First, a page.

Matrix correlations – These analyses test for correlations between matrices of distance or dissimilarity. This includes full and partial Mantel tests, a subject we’ve written about previously on this blog.

General linear models – These models treat the environmental response variables as a linear function of genetic variables. If that seems backwards to you, you aren’t alone:

In EAA, however, environment instead of phenotype is used as response variable. Since the environment experienced by an organism is not caused by its genotype, this might seem conceptually counterintuitive. It is assumed, however, that environmental factors that are strongly correlated with heritable traits can replace them in statistical models.

For multivariate versions of these analyses, canonical correlation analysis (CCA) or redundancy analysis (RDA) offer the ability to account for polygenic adaptive traits. In the case of RDA, model testing among variations of environmental parameters, neutral genetic structure, or spatial effects are available.

Mixed effects models – Finally, the extensive set of analyses that model allele frequencies (response variable), environmental parameters (fixed factors), and neutral genetic structure (random factor). The advantage here is a standardized and statistically intuitive way to deal with neutral genetic structure. However, each program/technique has a different way to test for significance and choosing the type of association (linear, rank, logistic). Some options here include BAYENV2, latent factor mixed models (LFMMs), efficient mixed-model association (EMMA), and TASSEL.

Your best bet: mix and match

When there are so many methods available, there are bound to be contrasting strengths and weaknesses among them. The authors provide suggestions for combinations of EAAs that might help in various scenarios. For example, want to pull apart potentially-adaptive loci? How about first performing an outlier test (BAYESCAN, FDIST, ARLEQUIN) and then feed those outliers into an EAA?

If you have the appropriate sampling scheme and data, leaning on analyses that explicitly account for neutral genetic variation (mixed effect models) provides the most straightforward solution. This is the most in-depth section of the review, and for good reason.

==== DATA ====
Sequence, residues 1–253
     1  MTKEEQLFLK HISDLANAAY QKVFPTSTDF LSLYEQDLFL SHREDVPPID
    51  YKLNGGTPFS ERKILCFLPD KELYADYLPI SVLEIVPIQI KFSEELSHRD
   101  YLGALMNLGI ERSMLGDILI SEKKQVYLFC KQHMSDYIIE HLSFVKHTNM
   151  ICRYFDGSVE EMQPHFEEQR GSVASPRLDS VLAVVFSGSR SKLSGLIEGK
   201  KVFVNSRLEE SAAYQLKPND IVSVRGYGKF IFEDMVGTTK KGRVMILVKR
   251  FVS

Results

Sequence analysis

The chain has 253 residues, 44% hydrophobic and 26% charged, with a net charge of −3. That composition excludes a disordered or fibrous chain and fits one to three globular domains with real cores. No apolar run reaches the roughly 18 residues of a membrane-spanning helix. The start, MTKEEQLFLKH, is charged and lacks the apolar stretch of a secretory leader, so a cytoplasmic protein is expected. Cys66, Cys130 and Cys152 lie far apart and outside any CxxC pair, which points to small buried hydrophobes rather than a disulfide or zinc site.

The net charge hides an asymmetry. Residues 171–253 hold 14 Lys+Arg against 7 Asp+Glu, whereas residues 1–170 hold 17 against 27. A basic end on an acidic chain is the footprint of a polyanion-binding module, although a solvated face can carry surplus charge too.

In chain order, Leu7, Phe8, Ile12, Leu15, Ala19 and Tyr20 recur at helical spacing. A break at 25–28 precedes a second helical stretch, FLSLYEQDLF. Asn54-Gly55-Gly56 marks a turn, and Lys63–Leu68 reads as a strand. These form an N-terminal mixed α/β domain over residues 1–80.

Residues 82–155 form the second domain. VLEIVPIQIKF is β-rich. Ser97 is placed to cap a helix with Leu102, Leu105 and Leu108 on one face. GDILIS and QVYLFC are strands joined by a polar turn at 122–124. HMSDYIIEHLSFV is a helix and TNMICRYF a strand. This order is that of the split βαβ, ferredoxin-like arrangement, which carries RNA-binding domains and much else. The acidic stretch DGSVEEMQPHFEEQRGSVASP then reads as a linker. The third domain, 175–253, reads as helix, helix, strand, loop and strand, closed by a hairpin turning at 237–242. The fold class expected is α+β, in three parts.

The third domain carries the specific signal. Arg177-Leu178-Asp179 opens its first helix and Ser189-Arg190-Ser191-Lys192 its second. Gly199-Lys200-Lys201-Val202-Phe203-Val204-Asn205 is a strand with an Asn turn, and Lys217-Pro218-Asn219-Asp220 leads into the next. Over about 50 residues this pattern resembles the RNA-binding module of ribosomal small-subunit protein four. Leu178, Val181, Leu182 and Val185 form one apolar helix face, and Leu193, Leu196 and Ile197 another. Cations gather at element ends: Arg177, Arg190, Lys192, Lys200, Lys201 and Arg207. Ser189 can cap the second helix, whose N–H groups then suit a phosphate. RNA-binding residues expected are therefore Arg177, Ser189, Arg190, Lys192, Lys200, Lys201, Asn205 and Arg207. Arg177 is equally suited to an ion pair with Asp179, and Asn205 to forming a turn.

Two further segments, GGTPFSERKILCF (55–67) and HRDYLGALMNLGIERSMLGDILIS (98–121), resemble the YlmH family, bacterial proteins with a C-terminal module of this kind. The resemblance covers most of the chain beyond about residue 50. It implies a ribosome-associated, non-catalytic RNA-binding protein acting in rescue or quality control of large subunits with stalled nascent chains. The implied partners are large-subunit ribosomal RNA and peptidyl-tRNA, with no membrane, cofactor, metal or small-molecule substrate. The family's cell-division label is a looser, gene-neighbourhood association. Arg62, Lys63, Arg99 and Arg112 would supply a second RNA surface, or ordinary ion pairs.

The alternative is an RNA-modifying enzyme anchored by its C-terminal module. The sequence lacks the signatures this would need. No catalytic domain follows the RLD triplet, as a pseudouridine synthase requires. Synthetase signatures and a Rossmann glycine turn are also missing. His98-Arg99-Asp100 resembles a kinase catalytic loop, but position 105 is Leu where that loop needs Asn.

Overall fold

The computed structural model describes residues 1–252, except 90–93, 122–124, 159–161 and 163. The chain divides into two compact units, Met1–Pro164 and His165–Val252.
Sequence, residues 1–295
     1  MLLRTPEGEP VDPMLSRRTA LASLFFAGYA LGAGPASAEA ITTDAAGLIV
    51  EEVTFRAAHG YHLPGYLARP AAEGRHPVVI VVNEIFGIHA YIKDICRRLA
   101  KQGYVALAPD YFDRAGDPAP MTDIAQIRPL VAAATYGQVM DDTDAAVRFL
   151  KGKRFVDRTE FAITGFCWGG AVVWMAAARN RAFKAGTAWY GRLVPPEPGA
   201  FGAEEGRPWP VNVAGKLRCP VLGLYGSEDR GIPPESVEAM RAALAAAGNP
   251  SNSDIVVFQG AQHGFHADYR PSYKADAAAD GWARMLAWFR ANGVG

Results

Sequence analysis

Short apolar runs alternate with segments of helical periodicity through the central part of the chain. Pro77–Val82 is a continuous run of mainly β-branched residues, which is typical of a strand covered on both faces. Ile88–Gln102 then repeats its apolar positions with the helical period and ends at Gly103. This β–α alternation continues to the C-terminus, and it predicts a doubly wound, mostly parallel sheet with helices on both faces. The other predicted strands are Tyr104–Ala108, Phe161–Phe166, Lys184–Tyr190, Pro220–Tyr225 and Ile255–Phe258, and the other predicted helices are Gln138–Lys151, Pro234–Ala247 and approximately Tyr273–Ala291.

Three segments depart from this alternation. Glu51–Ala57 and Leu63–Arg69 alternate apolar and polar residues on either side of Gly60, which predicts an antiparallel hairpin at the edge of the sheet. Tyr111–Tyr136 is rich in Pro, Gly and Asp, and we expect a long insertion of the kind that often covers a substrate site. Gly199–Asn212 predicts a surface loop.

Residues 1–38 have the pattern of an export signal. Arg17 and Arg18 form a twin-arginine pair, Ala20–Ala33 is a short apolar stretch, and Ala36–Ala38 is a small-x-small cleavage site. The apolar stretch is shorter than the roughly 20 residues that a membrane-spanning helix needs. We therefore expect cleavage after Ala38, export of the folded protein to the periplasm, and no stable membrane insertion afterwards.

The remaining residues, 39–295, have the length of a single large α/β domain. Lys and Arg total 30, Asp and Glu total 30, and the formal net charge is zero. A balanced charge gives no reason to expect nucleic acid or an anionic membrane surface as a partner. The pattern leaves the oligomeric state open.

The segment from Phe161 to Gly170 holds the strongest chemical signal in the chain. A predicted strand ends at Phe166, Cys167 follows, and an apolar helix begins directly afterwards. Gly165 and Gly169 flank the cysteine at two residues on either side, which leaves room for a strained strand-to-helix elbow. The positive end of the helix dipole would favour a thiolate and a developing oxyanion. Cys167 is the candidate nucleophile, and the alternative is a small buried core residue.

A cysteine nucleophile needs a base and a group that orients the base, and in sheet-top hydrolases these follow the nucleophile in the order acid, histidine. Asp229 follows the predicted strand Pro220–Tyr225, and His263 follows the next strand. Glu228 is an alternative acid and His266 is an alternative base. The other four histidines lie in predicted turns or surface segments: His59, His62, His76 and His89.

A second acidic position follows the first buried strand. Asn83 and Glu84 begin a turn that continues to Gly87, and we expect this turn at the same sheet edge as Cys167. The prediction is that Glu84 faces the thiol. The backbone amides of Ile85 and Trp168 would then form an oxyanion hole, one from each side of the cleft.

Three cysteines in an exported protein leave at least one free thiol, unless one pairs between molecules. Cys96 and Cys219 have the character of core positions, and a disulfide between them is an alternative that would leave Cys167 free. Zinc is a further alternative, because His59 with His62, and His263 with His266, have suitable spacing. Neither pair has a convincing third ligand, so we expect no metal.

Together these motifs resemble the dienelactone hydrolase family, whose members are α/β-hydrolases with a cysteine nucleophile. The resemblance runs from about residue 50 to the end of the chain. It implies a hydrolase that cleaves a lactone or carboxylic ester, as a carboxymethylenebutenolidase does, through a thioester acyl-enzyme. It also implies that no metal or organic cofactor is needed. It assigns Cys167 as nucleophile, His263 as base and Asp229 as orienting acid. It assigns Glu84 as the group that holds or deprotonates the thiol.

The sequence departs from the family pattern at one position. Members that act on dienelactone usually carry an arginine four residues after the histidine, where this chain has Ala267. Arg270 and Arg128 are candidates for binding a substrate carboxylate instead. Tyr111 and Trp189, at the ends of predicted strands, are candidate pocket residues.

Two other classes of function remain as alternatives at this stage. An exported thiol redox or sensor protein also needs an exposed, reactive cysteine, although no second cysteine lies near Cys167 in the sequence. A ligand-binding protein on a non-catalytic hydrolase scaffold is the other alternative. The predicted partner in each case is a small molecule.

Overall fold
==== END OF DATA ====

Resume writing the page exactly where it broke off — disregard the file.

Check yourself

The identification of adaptive loci and the environmental variation that shapes them requires validation. Lots of it. Either from within a dataset, between analysis, or by other researchers, validation is key for the generalization of these phenomenon.

The good news is that there are now, more than ever, analytical resources for finding environmental associations to start with. But if your Holy Grail is finding the gene(s) that determine the adaptation of wild organisms to their environments, you have a whole career’s worth of work in front of you:

Many studies, including most of those described in this review, perform EAA, present a list of interesting loci, compare it to GO databases and stop there, i.e., half way to the goal of identifying those genes that are functionally involved in local adaptation of natural populations. Instead, studies should go further and test their findings using, e.g., independent populations, knock-out mutants, common garden and reciprocal transplant experiments. The effort of such follow-ups should, however, not be underestimated.

The most practical advice? Read the paper and get to work!


Rellstab, C., Gugerli, F., Eckert, A. J., Hancock, A. M., & Holderegger, R. (2015). A practical guide to environmental association analysis in landscape genomics. Molecular Ecology. DOI: 10.1111/mec.13322


About Rob Denton

I'm a Postdoctoral Fellow in the Department of Molecular and Cell Biology at UConn. I'm most interested in understanding the evolutionary/ecological consequences of strange reproduction in salamanders (unisexual Ambystoma). Topics I'm likely to write about: population and landscape genetics, mitonuclear interactions, polyploidy, and reptiles/amphibians.